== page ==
John Shakespeare

    From the US

  8. Yesterday, in parliament –

    #auspol24-8-2020 Albo stands in Parliament & reads a litany of failures by Morrison & his govt.Morrison turns his back!Josh Frydenberg interjects & has to come to the dispatch box & withdraw swear words.A shocking state of affairs by a useless & unjust Liberal Party! pic.twitter.com/8U0orhmMxM— Sir Thomas Wynn (@mister_wynn) August 24, 2020

    Albo’s speech – no wonder the CrimeMinister did not want to listen.


  9. A bit of a worry. Hopefully something can be done to ensure this route is closed.
    Covid 19 coronavirus: Virus can survive on frozen meat and fish for up to three weeks, study shows

    Individual pieces of salmon, chicken and pork from supermarkets in Singapore were sliced into cubes then a sample of the virus was added to them.

    The meat and fish was stored in conditions which simulate those used to transport food between countries – 4C (standard refrigeration temperature) and minus 20C (standard freezing temperature).

    Scientists found that infectious Covid-19 was still present on the samples after 21 days.

    They are now warning that this may explain outbreaks in countries that have not had any coronavirus cases for long periods – and could lead to future spikes.

    The study states: “An explanation is required for the re-emergence of Covid-19 outbreaks in regions with apparent local eradication. Recent outbreaks have emerged in Vietnam, New Zealand and parts of China where there had been no cases for some months.

    “Importation of contaminated food and food packaging is a feasible source for such outbreaks and a source of clusters within existing outbreaks.

  10. The members of this government just don’t care about anything but their salaries and rorts.

  11. Good morning Dawn Patrollers

    Nick Bonyhady and Shane Wright say that Labor will back a JobKeeper overhaul giving businesses that have at least partially bounced back from the virus the power to cut workers’ hours.
    Meanwhile, legislation giving all workers two weeks of paid pandemic leave is on the verge of passing the Senate after Labor threw its support behind the Greens push.
    Scott Morrison has blamed “unacceptable” failures in Victoria for deepening the coronavirus crisis as he comes under more pressure in Parliament over his response to infections in aged care, reports David Crowe.
    Phil Coorey tells us that Morrison has taken the gloves off and gone after Dan Andrews.
    Ross Gittins describes how Morrison was masterfully noncommittal on his government’s plan to help those hit hardest.
    JI calling for political leaders to take charge, John Hewson begins this contribution with, “Branch stacking is one of the most unedifying, if not sordid, features of Australian politics. It is a fundamental tool of the factions evident in both Labor and the LNP. Labor has been at it longer, and is better at it. Indeed, Labor factions are more structured, disciplined and effective – LNP factions are more amateurish and aspirational.”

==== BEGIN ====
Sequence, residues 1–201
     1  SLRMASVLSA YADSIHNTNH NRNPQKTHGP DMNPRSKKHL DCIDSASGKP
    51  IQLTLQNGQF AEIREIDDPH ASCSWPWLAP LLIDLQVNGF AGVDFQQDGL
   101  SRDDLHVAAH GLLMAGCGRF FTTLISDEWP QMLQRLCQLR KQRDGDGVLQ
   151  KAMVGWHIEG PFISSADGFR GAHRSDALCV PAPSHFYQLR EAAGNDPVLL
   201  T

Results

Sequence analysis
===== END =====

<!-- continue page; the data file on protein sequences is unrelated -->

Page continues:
A secret plot to dump seven Victorian Liberal MPs based on skin colour, gender, ethnicity and religiou­s beliefs has sparked a new branch-stacking crisis that has embarrassed the party leadership, says The Australian.
    Pontificating Paul Kelly says that over-protective states are throttling our nation.
    Australia’s COVID vaccine has performed “better than expected” in trials and is likely to protect against the coronavirus and its symptoms, it has been revealed.
    The quarantine hotel accommodation in Sydney was not too good. Apparently. Another Dan Andrews cock up.
    David Crowe reports that Sarah Henderson is calling on people to use state law to seek financial redress if they have lost work from the curbs imposed to counter the coronavirus.
    Nick McKenzie and his co-writers now reveal that new messages and emails show the assistant federal treasurer was personally involved in a potentially illegal scheme to use taxpayer funded staff as factional operatives. Who’s been a naughty boy then, Mr Sukkar?
    Julie Moulds writs on why she thinks virtual parliaments should be the new norm.
    Lisa Visentin explains how Dominic Perrottet has apologised to workers let down by scandal-ridden insurer icare as he conceded there were serious issues that needed to be addressed inside the agency.
    Nick O’Malley tells us that Alan Finkel, has defended his position on the use of natural gas after being criticised by some of the nation’s leading climate change scientists.
    Liberals who have been outspoken in their opposition to taxpayer funding of new coal projects predict a new power plant in north Queensland being championed by the Nationals will never proceed because there are cheaper and more environmentally friendly alternatives for energy generation.
    The Coalition Government favours fossil fuels at the expense of renewables, but Australia needs to get off coal to save both lives and money, writes Professor John Quiggin.
    According to Kate Aubusson, GPs are urging the federal government to make Medicare rebates for telehealth services permanent and allow GPs to privately bill patients beyond the September 30 cut-off, as practices buckle under the financial pressure of COVID-19.